Creating a code roe rice dish is also quite easy and only requires a few steps. Once your steamed rice is prepped, serve it in a small bowl. Then, sear the cod roe with olive oil for a minute on each side. Add the tarako or mentaiko to the top of the rice and sprinkle on furikake rice seasoning

Stuff Rice Balls (Onigiri) and Wrap Them in Seaweed

Instead of creating nigiri, you can make onigiri. You’ll need the same ingredients – prepped sushi rice, cod roe, and seaweed. Add rice to a mold, put a piece of tarako or mentaiko in the middle, top it with rice, and press it into a triangular shape. Then, wrap it with seaweed, and you have your own onigiri!

Tarako cod roe onigiri rice balls

Mentaiko Pasta Sauce

This mentaiko recipe is a great way to use cod roe! You can easily make this Japanese fusion recipe using heavy whipping cream, milk, butter, and soy sauce. Cook any pasta of your choice. Then, mix the remaining ingredients in a separate bowl. Add tarako or mentaiko in raw (removed from the sack), mix well, and combine with pasta. You can also use a premade sauce if you want a quicker option. Here are some of our favorites: Nissin Mama Pasta Sauce: Tarako Cod Roe, S&B Pasta Sauce: Mentaiko, and S&B Pasta Sauce: Tarako Cod Roe.

Chazuke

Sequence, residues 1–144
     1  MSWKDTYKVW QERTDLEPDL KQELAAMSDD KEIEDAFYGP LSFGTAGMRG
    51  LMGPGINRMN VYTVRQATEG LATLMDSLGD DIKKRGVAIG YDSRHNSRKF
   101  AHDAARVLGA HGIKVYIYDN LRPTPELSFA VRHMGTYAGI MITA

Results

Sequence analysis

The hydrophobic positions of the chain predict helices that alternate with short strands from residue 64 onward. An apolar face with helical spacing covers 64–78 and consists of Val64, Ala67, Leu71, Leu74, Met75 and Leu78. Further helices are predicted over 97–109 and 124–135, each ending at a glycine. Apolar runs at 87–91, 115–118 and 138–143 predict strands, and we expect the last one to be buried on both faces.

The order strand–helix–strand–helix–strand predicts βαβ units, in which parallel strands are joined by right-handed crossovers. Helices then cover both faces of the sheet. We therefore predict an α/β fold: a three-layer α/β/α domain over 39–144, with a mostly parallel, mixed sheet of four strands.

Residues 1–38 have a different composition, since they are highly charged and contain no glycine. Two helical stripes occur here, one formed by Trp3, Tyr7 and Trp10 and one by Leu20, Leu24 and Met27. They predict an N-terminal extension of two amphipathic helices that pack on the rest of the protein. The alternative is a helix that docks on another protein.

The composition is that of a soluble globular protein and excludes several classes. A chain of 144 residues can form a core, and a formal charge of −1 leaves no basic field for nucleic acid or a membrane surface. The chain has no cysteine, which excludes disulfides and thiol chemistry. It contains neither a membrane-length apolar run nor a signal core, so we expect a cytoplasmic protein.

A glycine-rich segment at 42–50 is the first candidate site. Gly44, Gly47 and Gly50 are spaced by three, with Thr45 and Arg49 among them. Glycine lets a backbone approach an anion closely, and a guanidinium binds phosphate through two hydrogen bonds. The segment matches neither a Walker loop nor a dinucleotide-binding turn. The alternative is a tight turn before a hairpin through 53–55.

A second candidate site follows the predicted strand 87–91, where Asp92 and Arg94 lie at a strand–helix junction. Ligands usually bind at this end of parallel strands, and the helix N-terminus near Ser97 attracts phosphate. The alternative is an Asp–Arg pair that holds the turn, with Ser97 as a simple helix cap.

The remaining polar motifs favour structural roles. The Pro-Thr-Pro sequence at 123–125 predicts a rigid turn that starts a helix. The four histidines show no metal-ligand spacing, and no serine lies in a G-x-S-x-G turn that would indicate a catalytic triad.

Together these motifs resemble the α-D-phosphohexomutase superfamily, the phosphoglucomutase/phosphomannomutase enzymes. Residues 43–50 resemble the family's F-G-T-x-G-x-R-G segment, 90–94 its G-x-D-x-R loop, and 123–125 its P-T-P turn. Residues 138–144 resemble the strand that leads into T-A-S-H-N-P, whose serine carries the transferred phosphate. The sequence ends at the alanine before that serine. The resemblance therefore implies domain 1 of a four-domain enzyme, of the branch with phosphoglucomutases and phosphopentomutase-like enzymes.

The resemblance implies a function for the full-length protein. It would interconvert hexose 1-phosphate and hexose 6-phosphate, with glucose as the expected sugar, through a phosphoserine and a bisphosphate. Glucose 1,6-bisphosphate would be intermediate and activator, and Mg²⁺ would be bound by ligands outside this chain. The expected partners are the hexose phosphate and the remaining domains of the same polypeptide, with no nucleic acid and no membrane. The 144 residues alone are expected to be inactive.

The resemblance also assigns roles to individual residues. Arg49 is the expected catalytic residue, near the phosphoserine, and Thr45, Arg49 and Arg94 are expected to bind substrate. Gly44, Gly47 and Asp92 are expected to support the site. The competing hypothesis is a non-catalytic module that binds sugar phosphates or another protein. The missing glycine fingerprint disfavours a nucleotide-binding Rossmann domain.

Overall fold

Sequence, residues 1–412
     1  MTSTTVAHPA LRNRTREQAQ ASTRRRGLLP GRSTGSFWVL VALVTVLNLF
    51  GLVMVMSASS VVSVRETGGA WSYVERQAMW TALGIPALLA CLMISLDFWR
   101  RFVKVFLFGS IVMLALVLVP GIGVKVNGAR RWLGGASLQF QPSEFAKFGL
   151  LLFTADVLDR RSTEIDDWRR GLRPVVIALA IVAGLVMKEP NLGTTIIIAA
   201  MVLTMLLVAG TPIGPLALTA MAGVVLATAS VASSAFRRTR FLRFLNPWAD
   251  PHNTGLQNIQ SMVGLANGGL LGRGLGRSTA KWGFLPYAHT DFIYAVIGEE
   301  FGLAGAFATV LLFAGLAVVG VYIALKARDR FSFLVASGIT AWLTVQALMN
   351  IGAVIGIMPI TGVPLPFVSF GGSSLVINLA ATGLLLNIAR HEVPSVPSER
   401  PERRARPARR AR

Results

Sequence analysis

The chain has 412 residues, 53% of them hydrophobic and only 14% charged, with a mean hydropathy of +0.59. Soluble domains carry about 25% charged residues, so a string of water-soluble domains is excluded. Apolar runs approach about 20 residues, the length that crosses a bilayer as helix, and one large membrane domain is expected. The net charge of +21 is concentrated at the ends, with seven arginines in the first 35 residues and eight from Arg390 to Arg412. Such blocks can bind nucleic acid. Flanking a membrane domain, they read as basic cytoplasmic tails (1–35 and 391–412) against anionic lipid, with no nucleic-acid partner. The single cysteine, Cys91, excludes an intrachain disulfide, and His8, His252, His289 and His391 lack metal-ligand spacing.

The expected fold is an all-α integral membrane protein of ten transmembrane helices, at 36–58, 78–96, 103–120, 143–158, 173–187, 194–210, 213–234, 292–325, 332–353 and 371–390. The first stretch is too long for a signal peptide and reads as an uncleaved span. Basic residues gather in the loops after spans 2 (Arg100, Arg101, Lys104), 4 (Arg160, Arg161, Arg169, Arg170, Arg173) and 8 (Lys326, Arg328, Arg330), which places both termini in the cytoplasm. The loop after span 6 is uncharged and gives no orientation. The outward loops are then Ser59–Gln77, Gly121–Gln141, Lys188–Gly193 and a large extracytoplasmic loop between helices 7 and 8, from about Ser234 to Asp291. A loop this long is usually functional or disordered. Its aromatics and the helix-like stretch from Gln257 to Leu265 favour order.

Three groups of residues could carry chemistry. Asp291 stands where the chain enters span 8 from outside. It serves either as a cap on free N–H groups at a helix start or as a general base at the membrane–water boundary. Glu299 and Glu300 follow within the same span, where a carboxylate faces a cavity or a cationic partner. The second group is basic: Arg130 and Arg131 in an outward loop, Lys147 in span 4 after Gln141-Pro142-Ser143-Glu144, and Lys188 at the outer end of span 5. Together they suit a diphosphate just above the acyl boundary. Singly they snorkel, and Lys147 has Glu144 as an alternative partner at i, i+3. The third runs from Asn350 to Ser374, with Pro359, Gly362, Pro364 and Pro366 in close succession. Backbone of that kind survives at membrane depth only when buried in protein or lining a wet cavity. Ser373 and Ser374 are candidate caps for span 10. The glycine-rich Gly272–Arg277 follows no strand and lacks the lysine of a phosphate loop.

Chazuke is a simple rice dish, or rice soup, that you can add cod roe. After steaming rice, add it to a bowl and top it with hot green tea, dashi (broth), or hot water. Then, add raw pollock roe on top. You can also add furikake if you’d like.  

Cod Roe Baguette

Believe it or not, you can also add cod roe to baguettes (and pizza!). You’ll want to opt for spicy cod roe for this recipe! Mix mascarpone, garlic, lemon, and raw cod roe (removed from the sack). Then, spread it on toasted baguette slices. 

Code Roe Tempura 

Yes, you can even fry cod roe! Dip your cod roe pieces into the tempura batter, and deep fry for a few minutes until you have a crispy exterior and a golden-brown color. Then, pair it with tempura sauce and dip away to your heart’s content. 

Shirataki with Cod Roe

Shirataki noodles are created from the konjac plant. They’re a healthier option for those who want a lower-calorie noodle dish. Stir-fry these noodles and then top them with raw cod roe for a tasty snack or meal. 

Japanese Cod Roe Tips & FAQ

Here are some tips to help you enjoy tarako and mentaiko at home!

Where to Buy Tarako and Mentaiko

You can find tarako and mentaiko at your local Asian market. Since it's sold frozen or refrigerated, you'll want to check the freezer and fridge sections. You may need to purchase this Japanese ingredient online if it's unavailable. 

How to Store 

You can keep cod roe in the fridge or freezer. If you're keeping it in the fridge, you'll need to consume it within 2-3 days. Make sure to put it in an airtight container first. It will last about two or three months in the fridge. Put it in the fridge to defrost, and it's ready to go. 

Eating raw

Since tarako and mentaiko arrive already prepped, you can eat them as-is. You don't need to trim anything off or slice it; you can serve it over rice and consume it. If you don't feel comfortable eating cod roe raw, pan-fry it for a few minutes with some oil first.